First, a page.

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Thai food, chicken tenders and other campaign superstitions

Thai food was out, and chicken tenders were in.

Glenn Thrush, co-author of Politico's latest E-Book "The End of The Line" , joined Alex to discuss the culinary superstitions, campaign infighting and other assorted scoops from the 2012  presidential campaign.

In one passage, Thrush and his colleague Jonathan Martin explain how Team Obama swore off Thai food after the inner circle's pre-debate meal in Denver was held responsible for their boss's poor performance on the debate stage later that night.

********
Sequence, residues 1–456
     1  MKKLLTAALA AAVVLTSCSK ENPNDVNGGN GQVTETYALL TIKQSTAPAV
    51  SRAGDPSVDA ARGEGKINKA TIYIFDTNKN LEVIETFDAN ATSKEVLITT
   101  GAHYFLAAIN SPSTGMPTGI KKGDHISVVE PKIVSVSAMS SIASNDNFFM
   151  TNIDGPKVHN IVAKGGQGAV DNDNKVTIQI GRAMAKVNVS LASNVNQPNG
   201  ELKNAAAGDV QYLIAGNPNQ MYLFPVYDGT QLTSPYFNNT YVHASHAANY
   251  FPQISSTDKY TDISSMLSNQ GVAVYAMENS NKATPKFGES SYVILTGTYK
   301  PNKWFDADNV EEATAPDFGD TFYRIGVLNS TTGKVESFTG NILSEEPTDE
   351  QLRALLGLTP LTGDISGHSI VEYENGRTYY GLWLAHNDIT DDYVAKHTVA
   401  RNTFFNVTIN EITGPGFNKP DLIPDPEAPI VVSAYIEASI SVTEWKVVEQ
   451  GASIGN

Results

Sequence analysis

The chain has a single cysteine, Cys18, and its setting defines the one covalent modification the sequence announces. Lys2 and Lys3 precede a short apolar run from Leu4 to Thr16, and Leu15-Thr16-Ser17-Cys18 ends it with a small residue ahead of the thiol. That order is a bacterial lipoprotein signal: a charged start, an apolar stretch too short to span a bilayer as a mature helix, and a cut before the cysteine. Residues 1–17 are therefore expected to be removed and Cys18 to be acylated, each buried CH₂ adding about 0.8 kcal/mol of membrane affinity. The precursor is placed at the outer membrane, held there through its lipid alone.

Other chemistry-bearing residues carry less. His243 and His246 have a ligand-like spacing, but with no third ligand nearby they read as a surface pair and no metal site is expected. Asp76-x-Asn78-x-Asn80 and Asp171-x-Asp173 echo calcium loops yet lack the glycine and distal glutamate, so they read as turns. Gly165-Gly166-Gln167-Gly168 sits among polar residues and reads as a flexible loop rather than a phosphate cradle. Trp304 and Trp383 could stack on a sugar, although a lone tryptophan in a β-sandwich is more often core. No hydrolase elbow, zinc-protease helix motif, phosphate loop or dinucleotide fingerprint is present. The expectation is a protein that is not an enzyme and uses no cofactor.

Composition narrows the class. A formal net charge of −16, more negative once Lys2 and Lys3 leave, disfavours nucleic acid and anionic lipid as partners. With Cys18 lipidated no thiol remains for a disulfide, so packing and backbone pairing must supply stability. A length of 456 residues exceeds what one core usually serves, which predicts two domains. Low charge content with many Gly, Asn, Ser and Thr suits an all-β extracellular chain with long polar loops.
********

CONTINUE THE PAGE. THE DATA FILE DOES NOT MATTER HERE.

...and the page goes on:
"The Obamaites had always been a superstitious lot--the hyperrational Plouffe was the unlikely ringleader--but the superstition started kicking in now," the authors wrote of the Obama team heading into the second debate at New York's Hofstra University. "There was a blanket ban on Thai food in Chicago."

Instead, the team in Chicago started to dine on chicken tenders from a nearby Houlihan's--a tradition that had served them well back  in 2008. Obama speechwriter Jon Favreau and press secretary Jay Carney grew "playoffs beards"; chief strategist David Axelrod was ordered to rummage around in his closet to find his lucky 2008 election night tie; and former press secretary Robert Gibbs always had to be the last person to see the president before he went on stage--another superstition dating back to the 2008 cycle.

The one night he didn't? You guessed it: the Denver collapse.